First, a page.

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Active Expert: Gale Bernhardt

1 Post tagged with the sexy_bikes tag

Can a bike be ?sexy??

Posted by Gale Bernhardt Feb 8, 2009

The first ride on my new road bike was a week ago in SanDiego. The timing was such that I received it just before I left for the coast.Two people in California said, “Woah, that bike is "sexy"!”

Yesterday a group of us rode to Estes Park, to bag our once-per-month-to-Estes goal. It was the new bike’s debut ride locally. One person said, “Man, that bike is sexy!”

I smiled and said, “Yeah, it is, thanks.”

When Bill Frielingsdorf (not his real name to protect his wife, otherfamily members and friends) arrived, he was very complimentary of thebike, LOOK 586 Pro Team Issue Framset (photo below). He said, “I’d say that bike is sexy, but my wife won’t let me use that word to describe a bike.“

The rest of the people standing around contemplated, “Can a bike be called "sexy"?”

Six of us proceeded to ride up to Estes with temperatures dropping as we climbed the canyon. The canyon walls are steep and rocky in several places, as seen below.

One of the treats of riding up this particular canyon is the possibility of seeing wildlife. The most sought-after glimpse is that of Rocky Mountain Bighorn Sheep. If you take a closer look at the canyon photo,you can see the sheep perfectly disguised as nature intended. These sheep are only about 25 yards away from me. </span>



















Watching them easily dance up the rocky ledges with ease is awe-inspiring. Even the young sheep are light on their feet, er, hooves.

When we arrived at our favorite Estes haunt, the Notchtop Café, we found Carl Ciacci enjoying a burrito. He started the ride in another location thinking he had missed us. One of the first things he said when we entered the café was, “Nice bike! Man, it’s sexy.”

We told him that Bill’s (an alias) wife banned him from describing a bike as sexy. This brought up more conversation about what things can be described as sexy, other than the obvious male and female human answer.

Leaving that conversation for more contemplation and discussion, we headed down the canyon. Towards the bottom of the canyon, there is a section called “The Narrows”. This section is a ton of fun to ride when there is no traffic and no viscous headwind. You can fly. On this day there was some traffic and a decent headwind, meaning we weren’t going as fast as normal.
I was in the lead and when we came around a corner, I saw a rock in the road. It is not unusual to have rocks of all sizes fall on the road in this section of the canyon. I pointed to the rock and Bill (an alias) shouted, “ROCK!”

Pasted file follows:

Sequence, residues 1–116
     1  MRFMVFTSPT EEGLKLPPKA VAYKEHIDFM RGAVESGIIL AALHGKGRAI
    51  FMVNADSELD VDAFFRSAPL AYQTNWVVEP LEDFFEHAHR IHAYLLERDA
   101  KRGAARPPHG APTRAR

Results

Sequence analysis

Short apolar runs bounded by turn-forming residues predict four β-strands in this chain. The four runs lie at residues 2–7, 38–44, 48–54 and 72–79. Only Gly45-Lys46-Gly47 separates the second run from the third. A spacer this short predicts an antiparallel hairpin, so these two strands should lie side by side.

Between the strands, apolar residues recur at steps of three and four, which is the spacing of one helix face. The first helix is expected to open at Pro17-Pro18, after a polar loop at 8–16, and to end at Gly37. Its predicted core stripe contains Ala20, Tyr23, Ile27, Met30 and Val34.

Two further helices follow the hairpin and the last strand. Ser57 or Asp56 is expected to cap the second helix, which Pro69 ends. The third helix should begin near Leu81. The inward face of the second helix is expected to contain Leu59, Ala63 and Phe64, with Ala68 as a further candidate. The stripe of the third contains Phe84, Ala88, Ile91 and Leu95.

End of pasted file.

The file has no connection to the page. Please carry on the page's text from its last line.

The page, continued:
Seconds later I heard the sound of a loud bang.

No one is really sure about the details, but the result was Bruce Runnels crashed into the snowy ditch and Scott Ellis put on the brakes so hard he wore a hole in his tire. He managed to keep the bike upright. He says it’s the mountain bike skills that kept him up.

First, and most importantly, Bruce is okay. Nothing broken and no open wounds. He’ll have a nasty bruise on his thigh; but from what we know now a bruise and a few sore muscles is the extent of it. Turns out this ride was within two days of a nasty crash he had on a different group ride last year. Should he be riding on the first weekend in February – ever again?

Bruce was shaken, but okay. He and Peter Stackhouse decided to spin easy back to town, roughly 9.5 miles. Bill (an alias) headed home as well, he had an appointment.

Carl, Chris Luttet and I stayed to help Scott decide what to do. It was going to be tough to repair a hole the width of a thumbnail.

It was just a couple of weeks ago that Luke Smith, the content Kahuna at the Active Network, requested we do some videos on “McGyver roadside repairs”. I suggested doing a video on “booting” a tire. Typically I use a boot made from the guts of an old sew-up tire; but, because I’m a vain bike geek, I left my normal bike bag at home because I wanted the new LOOK to float through the day with no extra weight.

I didn’t have my boot, but luckily Chris was carrying a . Though Carl offered to ride to his car about six miles away, Scott wanted to try riding in. Scott booted the tire and pumped it up to about 70 pounds (any more pressure caused the tube to bulge out of the hole).

He was able to ride about five miles before the road friction wore through the boot. I don’t know if a sew-up boot would have done better or not.

We didn’t have time to catch this kind of repair on video while I was in San Diego working with a video pro (Michael Clarke). I’ll do what I can from home to make a video on how to boot a tire and how to make a boot from an old sew-up.

At the close of the ride, just a couple people were left. We discussed the day’s events and concluded that surprising road obstacles are part of cycling. Sometimes, even the best prepared riders will encounter hazards they cannot avoid.

The last question we discussed was, “Can a bike be described as "sexy"?”

What do you think?</span>







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